BME Seminar Series: Peter Yingxiao Wang, UC San Diego
Seminar via Zoom: https://uci.zoom.us/j/96084803432
Genetic Engineering for Live Cell Imaging and Controllable Cancer Immunotherapy
Abstract: Genetically-encoded biosensors based on fluorescence resonance energy transfer (FRET) have been successfully developed to monitor the activity of a variety of signaling molecules, including tyrosine/serine/threonine kinases. We have developed a high-throughput screening (HTS) method based on directed evolution and next generation sequencing (NGS) to develop sensitive and specific FRET biosensors, which allowed the visualization of signaling transduction and epigenetic dynamics in live cells. We have also engineered a novel class of machinery molecules, which can provide a surveillance of the intracellular space, monitoring and visualizing the endogenous molecular events, and automatically triggering corresponding molecular activations to guide cellular functions. A modular assembly approach was developed to engineer these machinery molecules, and applied them to reprogram the “don’t eat me” CD47 receptor SIRPa on macrophages such that the engagement of SIRPa and its activation of naturally negative signals will be rewired to turn on positive actions to facilitate phagocytosis of target tumor cells. We have further integrated lights and ultrasound to remotely control the genetic activities, which allowed us to activate immune cells with high precision in space and time for cancer immunotherapy. Because of the modular design of our engineered molecule, our approach can be extended to perform a broad range of cell-based imaging and immunotherapies, and hence highlight the translational power in bridging the fundamental molecular engineering to clinical medicine.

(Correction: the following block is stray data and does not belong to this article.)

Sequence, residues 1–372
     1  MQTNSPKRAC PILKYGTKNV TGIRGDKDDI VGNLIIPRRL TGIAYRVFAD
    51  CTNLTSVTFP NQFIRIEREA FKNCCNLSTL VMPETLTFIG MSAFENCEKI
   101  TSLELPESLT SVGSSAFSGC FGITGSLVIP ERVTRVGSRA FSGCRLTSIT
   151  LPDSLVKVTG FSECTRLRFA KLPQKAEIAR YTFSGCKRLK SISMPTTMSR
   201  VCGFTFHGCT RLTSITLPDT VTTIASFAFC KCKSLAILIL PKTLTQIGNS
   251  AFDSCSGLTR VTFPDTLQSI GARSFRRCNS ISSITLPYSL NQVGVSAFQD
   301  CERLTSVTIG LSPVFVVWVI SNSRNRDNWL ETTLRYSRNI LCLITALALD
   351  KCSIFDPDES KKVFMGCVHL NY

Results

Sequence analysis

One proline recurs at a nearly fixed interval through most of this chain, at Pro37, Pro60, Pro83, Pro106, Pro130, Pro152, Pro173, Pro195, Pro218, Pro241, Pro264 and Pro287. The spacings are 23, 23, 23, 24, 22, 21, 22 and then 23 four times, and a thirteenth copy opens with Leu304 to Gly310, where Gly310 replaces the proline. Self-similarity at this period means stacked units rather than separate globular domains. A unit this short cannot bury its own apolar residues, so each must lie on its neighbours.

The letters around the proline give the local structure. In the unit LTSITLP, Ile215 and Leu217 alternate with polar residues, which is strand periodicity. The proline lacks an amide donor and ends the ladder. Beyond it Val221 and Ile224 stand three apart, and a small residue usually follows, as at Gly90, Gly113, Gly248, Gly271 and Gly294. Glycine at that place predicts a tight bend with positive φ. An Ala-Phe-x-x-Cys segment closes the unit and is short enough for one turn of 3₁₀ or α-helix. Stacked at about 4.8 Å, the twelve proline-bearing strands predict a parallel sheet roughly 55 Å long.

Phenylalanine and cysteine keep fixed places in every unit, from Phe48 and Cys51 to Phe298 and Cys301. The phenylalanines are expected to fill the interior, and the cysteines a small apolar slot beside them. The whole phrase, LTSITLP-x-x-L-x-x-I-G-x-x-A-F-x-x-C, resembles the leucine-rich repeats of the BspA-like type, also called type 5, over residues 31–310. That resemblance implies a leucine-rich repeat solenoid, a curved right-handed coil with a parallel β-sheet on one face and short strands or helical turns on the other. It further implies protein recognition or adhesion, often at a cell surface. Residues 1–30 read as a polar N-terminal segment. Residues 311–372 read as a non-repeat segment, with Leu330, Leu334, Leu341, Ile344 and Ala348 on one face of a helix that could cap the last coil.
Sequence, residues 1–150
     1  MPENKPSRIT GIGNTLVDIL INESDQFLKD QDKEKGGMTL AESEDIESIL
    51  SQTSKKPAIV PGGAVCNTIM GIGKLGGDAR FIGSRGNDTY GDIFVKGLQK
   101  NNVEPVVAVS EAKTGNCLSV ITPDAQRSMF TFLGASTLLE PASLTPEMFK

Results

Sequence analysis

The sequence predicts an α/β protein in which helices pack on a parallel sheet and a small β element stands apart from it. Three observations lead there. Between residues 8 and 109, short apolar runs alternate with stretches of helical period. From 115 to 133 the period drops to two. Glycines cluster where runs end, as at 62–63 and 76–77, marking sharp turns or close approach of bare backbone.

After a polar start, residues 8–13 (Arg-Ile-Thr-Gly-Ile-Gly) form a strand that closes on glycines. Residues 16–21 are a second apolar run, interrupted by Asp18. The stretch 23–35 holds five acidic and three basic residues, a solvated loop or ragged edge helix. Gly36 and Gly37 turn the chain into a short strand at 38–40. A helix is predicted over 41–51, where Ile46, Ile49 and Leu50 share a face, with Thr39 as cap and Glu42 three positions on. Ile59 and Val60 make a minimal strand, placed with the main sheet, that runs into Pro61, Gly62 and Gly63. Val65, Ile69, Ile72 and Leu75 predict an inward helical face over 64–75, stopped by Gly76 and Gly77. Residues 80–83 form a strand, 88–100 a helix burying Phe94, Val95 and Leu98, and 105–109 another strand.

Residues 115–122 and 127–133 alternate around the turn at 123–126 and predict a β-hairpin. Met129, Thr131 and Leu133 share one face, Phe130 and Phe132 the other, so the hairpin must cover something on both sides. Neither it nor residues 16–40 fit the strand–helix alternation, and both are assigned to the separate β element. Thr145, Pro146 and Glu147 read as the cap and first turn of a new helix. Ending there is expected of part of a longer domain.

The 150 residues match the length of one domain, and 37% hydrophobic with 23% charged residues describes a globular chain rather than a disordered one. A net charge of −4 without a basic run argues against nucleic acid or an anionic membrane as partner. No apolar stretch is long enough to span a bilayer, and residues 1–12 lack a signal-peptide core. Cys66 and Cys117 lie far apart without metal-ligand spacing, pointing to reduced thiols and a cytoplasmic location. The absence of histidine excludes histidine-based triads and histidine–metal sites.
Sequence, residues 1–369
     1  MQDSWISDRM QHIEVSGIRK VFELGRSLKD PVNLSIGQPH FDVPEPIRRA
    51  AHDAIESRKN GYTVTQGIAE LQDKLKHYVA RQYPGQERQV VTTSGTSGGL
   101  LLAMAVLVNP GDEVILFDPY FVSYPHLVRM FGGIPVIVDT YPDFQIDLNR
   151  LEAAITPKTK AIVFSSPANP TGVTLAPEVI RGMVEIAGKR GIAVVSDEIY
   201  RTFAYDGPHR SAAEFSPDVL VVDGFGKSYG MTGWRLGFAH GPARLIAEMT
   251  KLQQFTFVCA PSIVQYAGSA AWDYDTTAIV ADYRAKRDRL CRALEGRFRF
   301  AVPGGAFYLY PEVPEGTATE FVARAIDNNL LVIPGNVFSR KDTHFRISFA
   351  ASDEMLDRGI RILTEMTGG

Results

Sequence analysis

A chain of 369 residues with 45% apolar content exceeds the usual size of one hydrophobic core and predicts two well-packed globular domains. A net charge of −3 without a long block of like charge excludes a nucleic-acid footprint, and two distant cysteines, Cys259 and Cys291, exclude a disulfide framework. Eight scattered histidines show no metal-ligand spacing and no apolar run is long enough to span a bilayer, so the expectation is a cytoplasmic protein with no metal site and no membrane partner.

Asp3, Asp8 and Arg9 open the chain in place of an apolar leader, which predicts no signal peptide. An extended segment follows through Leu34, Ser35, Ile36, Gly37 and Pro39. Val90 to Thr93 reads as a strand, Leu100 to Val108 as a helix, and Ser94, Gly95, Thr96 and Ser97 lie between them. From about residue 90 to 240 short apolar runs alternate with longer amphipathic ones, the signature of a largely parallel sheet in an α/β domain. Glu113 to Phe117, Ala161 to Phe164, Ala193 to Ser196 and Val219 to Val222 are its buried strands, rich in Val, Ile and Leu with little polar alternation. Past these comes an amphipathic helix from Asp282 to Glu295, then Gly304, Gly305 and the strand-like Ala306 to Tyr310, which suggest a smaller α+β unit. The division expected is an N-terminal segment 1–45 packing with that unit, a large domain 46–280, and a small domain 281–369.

Bio: Peter Yingxiao Wang obtained his bachelor’s and master’s degrees in mechanics and fluid mechanics from Peking University in Beijing, China, in 1992 and 1996, respectively. He received his Ph.D. degree in bioengineering from UC San Diego in 2002 and continued his postdoctoral work at UC San Diego working under bioengineering professor Shu Chien and pharmacology professor Roger Y. Tsien. He is currently a professor at the Department of Bioengineering at UCSD and a fellow of the American Institute of Medical and Biological Engineering (AIMBE). Before joining the UC San Diego faculty in 2012, he was an associate professor at the University of Illinois Urbana-Champaign Department of Bioengineering and a full-time faculty member at the Beckman Institute for Advanced Science and Technology at the University of Illinois. Wang is the recipient of the Wallace H. Coulter Early Career Award (both Phase I and Phase II), the National Science Foundation CAREER Award, and National Institutes of Health Independent Scientist Award. His research is supported by the National Institutes of Health, National Science Foundation and private foundations.